G&L; Adjusting to Life as a Public Property


Medical office developer Daniel M. Gottlieb says he is building a strong company by following the rules of real estate. But, judged by the ways of Wall Street, he and his firm may be headed for trouble, industry observers say.

“The money is going out and not coming in,” said Craig Silvers, a securities analyst who follows real estate stocks for Sutro & Co. “They are going to be buried deeper and deeper [in trouble].”

The clash between Silvers and Gottlieb--who is chief executive and co-chairman of Beverly Hills-based G&L; Realty Corp., a real estate investment trust--partly reflects the differences that can result when privately owned real estate firms go public.

The transition from private to public suddenly finds real estate managers having to defend longtime company relationships and industry practices. Wall Street’s obsession with quarterly results is a major irritant for real estate veterans accustomed to working on projects that take months if not years to start generating cash. Many are not accustomed to the public scrutiny and second-guessing when a company’s results fall short.


“It’s part of the trade-off,” said Gottlieb, who was involved in real estate for about 20 years before assuming the job of running a publicly traded company. “I don’t make any secrets of what we do.”

In the case of G&L;, concerns have been raised about business dealings between the company, which owns and operates about 40 medical office and senior housing facilities nationwide, and members of its board of directors. In addition, the firm’s quarterly dividend has remained unchanged despite a prolonged slump that has reduced earnings.

Gottlieb co-founded G&L; Realty in 1976 with Steven D. Lebowitz, president and co-chairman. For many years, the company was focused on buying and constructing medical office buildings in Beverly Hills. In December 1993, the firm raised $84 million when it went public. Since it went public, G&L; Realty--one of the nation’s smaller REITs--has suffered numerous setbacks, including the 1994 Northridge earthquake, which damaged many of its properties. Last year, its single-largest tenant--PHP Health Care, which occupied six buildings in New Jersey--filed for bankruptcy.

These and other factors have certainly taken a toll on G&L;'s earnings. Including one-time charges, G&L;'s funds from operations--a common measure of a REIT’s financial performance--plunged to $800,000 in 1998 from $8.4 million in the previous year. Results in the first quarter of 1999 were also down substantially.


On Monday, G&L;'s stock price closed unchanged at $12.06 on the New York Stock Exchange.

Yet G&L; has not reduced its dividend despite the fact that its funds from operation have either failed or barely been sufficient to cover the dividend in the last several quarters. For example, in the first quarter of this year, the dividend remained at 39 cents a share while funds from operations only generated 23 cents a share.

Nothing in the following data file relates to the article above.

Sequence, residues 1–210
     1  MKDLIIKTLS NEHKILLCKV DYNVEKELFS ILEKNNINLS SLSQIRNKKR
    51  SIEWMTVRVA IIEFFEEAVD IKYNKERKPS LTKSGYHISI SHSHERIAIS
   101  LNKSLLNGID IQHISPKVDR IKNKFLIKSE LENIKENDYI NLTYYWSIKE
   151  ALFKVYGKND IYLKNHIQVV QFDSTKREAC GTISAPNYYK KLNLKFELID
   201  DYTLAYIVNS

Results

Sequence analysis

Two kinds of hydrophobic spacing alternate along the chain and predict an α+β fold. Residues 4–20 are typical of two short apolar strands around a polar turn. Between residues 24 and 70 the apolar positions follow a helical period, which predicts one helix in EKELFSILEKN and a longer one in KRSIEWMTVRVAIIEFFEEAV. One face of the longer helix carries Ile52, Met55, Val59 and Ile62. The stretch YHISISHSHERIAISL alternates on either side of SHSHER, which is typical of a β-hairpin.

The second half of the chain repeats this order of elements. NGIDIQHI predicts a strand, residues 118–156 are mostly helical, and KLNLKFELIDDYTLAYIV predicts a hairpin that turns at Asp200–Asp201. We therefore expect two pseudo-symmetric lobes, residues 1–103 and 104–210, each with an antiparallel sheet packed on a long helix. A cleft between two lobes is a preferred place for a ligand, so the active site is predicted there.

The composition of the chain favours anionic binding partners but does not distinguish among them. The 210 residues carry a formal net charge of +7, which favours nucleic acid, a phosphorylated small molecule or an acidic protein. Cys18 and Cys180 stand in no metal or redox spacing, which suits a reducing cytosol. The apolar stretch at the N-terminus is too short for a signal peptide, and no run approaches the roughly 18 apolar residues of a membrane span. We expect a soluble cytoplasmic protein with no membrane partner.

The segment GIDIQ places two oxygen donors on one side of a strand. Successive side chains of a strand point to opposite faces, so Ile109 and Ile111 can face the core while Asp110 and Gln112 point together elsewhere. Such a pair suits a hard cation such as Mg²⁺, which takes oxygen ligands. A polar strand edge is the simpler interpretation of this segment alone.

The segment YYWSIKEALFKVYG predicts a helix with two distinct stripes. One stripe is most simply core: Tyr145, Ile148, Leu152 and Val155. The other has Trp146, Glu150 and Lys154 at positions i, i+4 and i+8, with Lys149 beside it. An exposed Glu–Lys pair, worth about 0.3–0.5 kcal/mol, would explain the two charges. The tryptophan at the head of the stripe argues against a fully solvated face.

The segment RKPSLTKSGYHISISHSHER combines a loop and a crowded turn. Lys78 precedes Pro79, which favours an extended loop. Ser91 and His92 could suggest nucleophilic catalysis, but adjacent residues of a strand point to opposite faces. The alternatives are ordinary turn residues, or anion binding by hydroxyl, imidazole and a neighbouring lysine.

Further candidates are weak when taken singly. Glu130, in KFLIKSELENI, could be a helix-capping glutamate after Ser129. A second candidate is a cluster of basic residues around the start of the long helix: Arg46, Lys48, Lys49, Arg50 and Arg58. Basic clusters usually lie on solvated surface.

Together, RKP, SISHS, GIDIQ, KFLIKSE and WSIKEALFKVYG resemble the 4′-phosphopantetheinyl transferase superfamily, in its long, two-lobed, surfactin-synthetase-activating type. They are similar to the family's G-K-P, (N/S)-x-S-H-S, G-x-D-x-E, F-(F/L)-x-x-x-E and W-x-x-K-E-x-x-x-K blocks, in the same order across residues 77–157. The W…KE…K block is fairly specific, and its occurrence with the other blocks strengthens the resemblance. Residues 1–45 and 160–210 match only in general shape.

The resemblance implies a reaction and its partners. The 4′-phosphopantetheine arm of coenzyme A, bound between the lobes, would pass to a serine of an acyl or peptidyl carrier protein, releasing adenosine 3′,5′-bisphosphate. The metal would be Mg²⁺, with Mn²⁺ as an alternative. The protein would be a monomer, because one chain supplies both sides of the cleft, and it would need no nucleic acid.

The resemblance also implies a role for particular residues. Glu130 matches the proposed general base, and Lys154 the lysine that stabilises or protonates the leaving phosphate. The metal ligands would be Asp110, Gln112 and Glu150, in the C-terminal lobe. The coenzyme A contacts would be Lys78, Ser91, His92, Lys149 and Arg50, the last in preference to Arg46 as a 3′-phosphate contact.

“It’s not sustainable,” said one real estate consultant. “They will end up running out of cash.

“The dividend is far too high,” Silvers said.

Ironically, it was Silvers’ company, Sutro & Co., that helped underwrite a $77-million issue of preferred stock by G&L.; Silvers says that G&L; was slow to use the cash to develop new properties. As a result, the company is now in the middle of paying for a substantial amount of new construction that will not begin generating revenue until next year at the earliest, compounding its financial woes.

Gottlieb concedes his company may have been slow to use the proceeds for development. But real estate development takes time, from identifying promising markets to buying property and finally leasing the space. His company remains confident that its new developments will eventually boost profits and support the dividend.

“I know the values are there,” said Gottlieb, who, along with president Steven D. Lebowitz, owns about 30% of the company’s stock. “One should take a longer view instead of [focusing] on what you are doing in the quarter.”

Securities analysts and investors also take a dim view of business dealings between companies and their boards of directors. In many private real estate firms, however, it’s not uncommon for members of the board or partners to sell or lease properties or make loans to the firm. But such relationships raise suspicions among securities analysts and shareholders concerned about conflicts of interest.


Earlier this year, for example, G&L; disclosed that it had borrowed $2 million at 12% from director Reese L. Milner as part of a short-term loan that has been repaid. It also sold a vacant property to a firm owned by director S. Craig Tompkins for $1.6 million. The company has the option to buy back the property but at an ever-increasing price--which will rise by 3% a month beginning February 2000.

Gottlieb says the financial terms of the deals are much better than if G&L; borrowed the money from a lender. In the option to buy back the property from Tompkins, the 3% monthly rate hike--or 36% a year--is a penalty and one the company plans to avoid, he said. In both cases, the outside members of the board of directors reviewed and approved the transactions.

“Having money available to you can be a very expensive proposition,” Gottlieb said. “I’ll get it from the cheapest source.”

The industry has tried to avoid such transactions to head off the credibility problems it suffered when it began in the 1970s, said Ralph Block, who follows REITs for Bay Isle, a San Francisco-based investment advisor.

“It’s not the kind of thing that the REIT investor likes to see . . . even if it’s a fair deal,” Block said. “It really becomes impossible to know whether the company has essentially made a sweetheart deal with the directors and executives.”